Bolshoi News>2008>New Kitezh will be seen in Moscow and in Cagliari as well

24 April 2008

New Kitezh will be seen in Moscow and in Cagliari as well

The 2008 opera season in the city of Cagliari opens with the premiere of a Bolshoi Theatre and Teatro Lirico di Cagliari co-production of Nikolai Rimsky-Korsakov's The Legend of the Invisible City of Kitezh and of the Maiden Fevronia. This date also marks the start of the 8th Sant'Efisio Music Festival (organized by the Theatre during the week that virtually the whole of the island of Sardinia celebrates the holiday of its capital's patron saint).

Director is Eimuntas Nekrosius, with sets by Marius Nekrosius and costumes by Nadezhda Gultyaeva, the team responsible for the Bolshoi Theatre productions of Verdi's Macbeth and Leonid Desyatnikov's The Children of Rosenthal. Music director is Alexander Vedernikov.

Cagliari's Teatro Lirico is one of Italy's main opera houses. Among the outstanding conductors and directors who have worked there are Riccardo Muti, Zubin Mehta, Vladimir Ashkenazy, Lorin Maazel, Mstislav Rostropovich, Gennadi Rozhdestvensky and Luca Ronconi, Pier Luigi Pizzi and Graham Vick. The Theatre has a relatively recent but already established tradition (this tradition is only ten years old), of opening its season with an opera never performed before in Cagliari. Thus Cagliari music lovers have heard Tchaikovsky's The Oprichnik and Cherevichki or The Little Slippers, Wagner's Die Feen, Smetana's Dalibor, Richard Strauss's Die agyptische Helena, Walter Braunfels' Die Vogel. And now the Theatre has turned its attention to Rimsky-Korsakov's great opera and Bolshoi and Teatro Lirico plans have coincided.

Alexander Vedernikov, incidentally, is not a bit surprised at the Teatro Lirico's choice: "This is one of the few epic operas in the Russian repertoire. And, its own dramatic conflict apart, an epic opera touches on issues which are of significance for the whole of humanity. Herein lies its strength and topicality.

Here two basic issues are raised: that of man's relations with nature and the issue of moral choice, subjects which are talking points today both in our country and beyond. Since we live in an age of major ecological upheavals and of moral relativism, when fundamental principles are made subservient to political expediency, it is vital we listen all ears to the message of TheLegend of the Invisible City of Kitezh.

I am very much in sympathy with Eimuntas Nekrosius' creative method. He has a marvelous grasp of generalization: his productions are not concerned with the everyday, they are invested with a symbolic significance which, it seems to me, is of far greater interest".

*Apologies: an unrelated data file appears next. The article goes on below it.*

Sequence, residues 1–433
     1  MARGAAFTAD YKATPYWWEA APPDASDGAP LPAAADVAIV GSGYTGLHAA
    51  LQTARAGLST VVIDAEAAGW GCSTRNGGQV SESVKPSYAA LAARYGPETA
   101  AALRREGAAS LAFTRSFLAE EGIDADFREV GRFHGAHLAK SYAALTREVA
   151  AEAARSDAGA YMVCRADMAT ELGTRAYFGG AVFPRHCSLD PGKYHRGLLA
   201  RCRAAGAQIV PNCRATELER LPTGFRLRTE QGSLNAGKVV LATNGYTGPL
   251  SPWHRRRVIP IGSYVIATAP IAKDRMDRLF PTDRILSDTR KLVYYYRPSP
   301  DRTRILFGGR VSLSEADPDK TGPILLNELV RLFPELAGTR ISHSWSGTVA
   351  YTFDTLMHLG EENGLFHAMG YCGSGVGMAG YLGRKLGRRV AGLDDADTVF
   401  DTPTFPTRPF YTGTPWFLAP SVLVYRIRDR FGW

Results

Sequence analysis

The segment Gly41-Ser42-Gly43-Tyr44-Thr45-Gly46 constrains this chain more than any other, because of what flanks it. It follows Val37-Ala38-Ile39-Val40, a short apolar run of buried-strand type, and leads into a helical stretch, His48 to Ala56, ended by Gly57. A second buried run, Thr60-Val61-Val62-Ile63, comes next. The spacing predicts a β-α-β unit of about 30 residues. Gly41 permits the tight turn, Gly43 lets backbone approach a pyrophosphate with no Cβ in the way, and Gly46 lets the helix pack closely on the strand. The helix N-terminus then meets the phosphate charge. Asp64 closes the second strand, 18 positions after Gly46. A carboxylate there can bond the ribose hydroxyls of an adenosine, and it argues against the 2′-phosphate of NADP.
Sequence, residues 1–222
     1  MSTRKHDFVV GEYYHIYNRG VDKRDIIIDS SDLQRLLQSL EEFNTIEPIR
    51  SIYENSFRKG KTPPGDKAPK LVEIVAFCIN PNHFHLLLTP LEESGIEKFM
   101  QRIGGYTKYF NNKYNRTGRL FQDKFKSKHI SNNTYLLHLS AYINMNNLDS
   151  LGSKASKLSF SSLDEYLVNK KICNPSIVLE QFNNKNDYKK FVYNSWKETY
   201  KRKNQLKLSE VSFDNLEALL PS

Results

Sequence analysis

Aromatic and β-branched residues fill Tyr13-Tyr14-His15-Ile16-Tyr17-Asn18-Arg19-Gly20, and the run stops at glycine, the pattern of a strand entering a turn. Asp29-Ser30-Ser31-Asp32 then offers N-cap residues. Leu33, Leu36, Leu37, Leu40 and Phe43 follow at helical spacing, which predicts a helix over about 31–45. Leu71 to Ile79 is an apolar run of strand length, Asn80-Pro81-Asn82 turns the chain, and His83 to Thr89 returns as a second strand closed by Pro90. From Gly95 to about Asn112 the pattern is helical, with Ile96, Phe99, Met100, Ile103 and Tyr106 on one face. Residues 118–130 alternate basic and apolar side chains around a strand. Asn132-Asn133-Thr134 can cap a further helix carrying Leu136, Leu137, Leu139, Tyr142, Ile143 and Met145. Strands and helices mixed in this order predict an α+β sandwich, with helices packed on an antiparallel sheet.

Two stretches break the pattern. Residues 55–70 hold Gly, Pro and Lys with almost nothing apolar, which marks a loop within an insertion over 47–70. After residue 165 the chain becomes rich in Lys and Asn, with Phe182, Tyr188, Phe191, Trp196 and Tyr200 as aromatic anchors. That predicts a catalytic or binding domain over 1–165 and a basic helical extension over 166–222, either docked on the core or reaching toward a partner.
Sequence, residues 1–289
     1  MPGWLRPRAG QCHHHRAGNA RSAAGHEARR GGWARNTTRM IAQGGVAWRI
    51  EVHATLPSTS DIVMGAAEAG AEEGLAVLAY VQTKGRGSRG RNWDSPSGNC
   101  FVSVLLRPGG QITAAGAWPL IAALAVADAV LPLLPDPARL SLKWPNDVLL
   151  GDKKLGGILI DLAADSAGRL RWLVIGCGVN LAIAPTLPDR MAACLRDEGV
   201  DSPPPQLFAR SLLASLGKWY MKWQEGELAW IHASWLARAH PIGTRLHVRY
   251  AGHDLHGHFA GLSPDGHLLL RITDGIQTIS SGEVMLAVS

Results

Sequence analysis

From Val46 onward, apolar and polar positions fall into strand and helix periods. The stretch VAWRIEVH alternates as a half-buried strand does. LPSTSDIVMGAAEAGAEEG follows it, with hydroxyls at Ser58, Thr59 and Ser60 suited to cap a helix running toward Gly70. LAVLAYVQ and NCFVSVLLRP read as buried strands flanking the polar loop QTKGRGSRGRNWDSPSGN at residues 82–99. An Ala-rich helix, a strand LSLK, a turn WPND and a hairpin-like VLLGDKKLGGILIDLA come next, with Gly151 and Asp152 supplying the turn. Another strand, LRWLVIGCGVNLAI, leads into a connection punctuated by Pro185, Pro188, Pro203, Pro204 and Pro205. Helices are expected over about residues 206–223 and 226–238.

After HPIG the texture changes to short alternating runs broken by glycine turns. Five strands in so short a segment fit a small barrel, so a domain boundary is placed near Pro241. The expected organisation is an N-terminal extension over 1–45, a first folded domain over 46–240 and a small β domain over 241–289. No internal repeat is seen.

It is Italian workshops which will make the scenography and costumes for the opera's personages. But, in so doing, they will have in mind the specific characteristics of the Bolshoi Theatre stage where, at the start of the next Moscow theatre season, the production will transfer. And so technicians from the Bolshoi's workshops are also taking part in the project.

The music of the invisible Kitezh will be performed by the Teatro Lirico orchestra and chorus (chorus master Fulvio Foliazza) and an international cast of singers (Bolshoi Theatre and Italian soloists). 

But it is the Bolshoi soloists who will sing the lead roles - Mikhail Kazakov, Igor Matyukhin (Prince Yuri Vsevolodovich), Roman Muravitsky, Vitaly Panfilov (Prince Vsevolod Yurievich), Tatiana Monogarova, Tatiana Smirnova (Fevronia), Mikhail Gubsky, Vitaly Tarashchenko (Grishka Kuterma), Valery Gilmanov (Bedyay) Alexander Naumenko (Burunday), Yelena Manistina (Alkonost).

Working with the soloists will be Bolshoi Theatre opera accompanist Margarita Petrosyan, who will also double as Russian language coach to the Italian soloists. The bells of the city of Kitezh will be reproduced by a recording of real church bells - the same technique of working from recordings will be used as was adopted for the recent Bolshoi Theatre production of Boris Godunov.

Alexander Vedernikov: "Kitezh is a very complex work to perform, to present to the public, since - as is typical of an epic work - it has few subject lines. It is not so much action, as a state of mind, that is in the foreground here. This is an opera which has an almost liturgical, mystery-play character, it is not for nothing it is compared to Wagner's Parsifal. The basic difficulty is that as, in our age, people are always in a hurry, one can’t have more than one interval, and this is an opera that needs to be absorbed at a fairly leisurely pace. Added to which, it is virtually impossible to make any cuts: the music fabric is arranged in such a way that everything is logical and part of a pattern.

But we hope our production will be of interest and draw the audience’s attention both here (Russia) and there (Italy) to the very important issues the opera raises".

There will be seven performances in Italy of TheLegend of the Invisible City of Kitezh - on 24,26,27, 29, 30 April and 2 and 4 May; the Moscow premiere will be on 10 October.



Submitted on 24 April 2008, Thursday


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